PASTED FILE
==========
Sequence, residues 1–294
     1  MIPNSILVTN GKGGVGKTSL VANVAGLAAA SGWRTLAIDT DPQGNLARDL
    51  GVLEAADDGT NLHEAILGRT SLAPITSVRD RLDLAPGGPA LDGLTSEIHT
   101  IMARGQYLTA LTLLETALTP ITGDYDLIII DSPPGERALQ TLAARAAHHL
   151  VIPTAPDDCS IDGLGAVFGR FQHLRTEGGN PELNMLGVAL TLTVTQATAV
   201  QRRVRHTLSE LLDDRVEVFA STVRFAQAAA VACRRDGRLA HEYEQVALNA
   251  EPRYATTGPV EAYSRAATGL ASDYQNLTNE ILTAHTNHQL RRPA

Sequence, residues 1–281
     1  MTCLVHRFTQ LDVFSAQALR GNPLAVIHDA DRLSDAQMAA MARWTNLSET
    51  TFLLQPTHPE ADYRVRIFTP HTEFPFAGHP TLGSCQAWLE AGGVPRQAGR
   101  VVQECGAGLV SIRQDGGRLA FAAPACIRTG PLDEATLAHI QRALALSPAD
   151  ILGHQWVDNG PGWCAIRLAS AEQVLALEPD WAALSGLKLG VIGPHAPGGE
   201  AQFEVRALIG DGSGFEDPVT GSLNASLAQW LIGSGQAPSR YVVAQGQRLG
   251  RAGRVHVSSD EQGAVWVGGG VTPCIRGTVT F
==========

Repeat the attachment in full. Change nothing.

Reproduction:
Sequence, residues 1–294
     1  MIPNSILVTN GKGGVGKTSL VANVAGLAAA SGWRTLAIDT DPQGNLARDL
    51  GVLEAADDGT NLHEAILGRT SLAPITSVRD RLDLAPGGPA LDGLTSEIHT
   101  IMARGQYLTA LTLLETALTP ITGDYDLIII DSPPGERALQ TLAARAAHHL
   151  VIPTAPDDCS IDGLGAVFGR FQHLRTEGGN PELNMLGVAL TLTVTQATAV
   201  QRRVRHTLSE LLDDRVEVFA STVRFAQAAA VACRRDGRLA HEYEQVALNA
   251  EPRYATTGPV EAYSRAATGL ASDYQNLTNE ILTAHTNHQL RRPA

Sequence, residues 1–281
     1  MTCLVHRFTQ LDVFSAQALR GNPLAVIHDA DRLSDAQMAA MARWTNLSET
    51  TFLLQPTHPE ADYRVRIFTP HTEFPFAGHP TLGSCQAWLE AGGVPRQAGR
   101  VVQECGAGLV SIRQDGGRLA FAAPACIRTG PLDEATLAHI QRALALSPAD
   151  ILGHQWVDNG PGWCAIRLAS AEQVLALEPD WAALSGLKLG VIGPHAPGGE
   201  AQFEVRALIG DGSGFEDPVT GSLNASLAQW LIGSGQAPSR YVVAQGQRLG
   251  RAGRVHVSSD EQGAVWVGGG VTPCIRGTVT F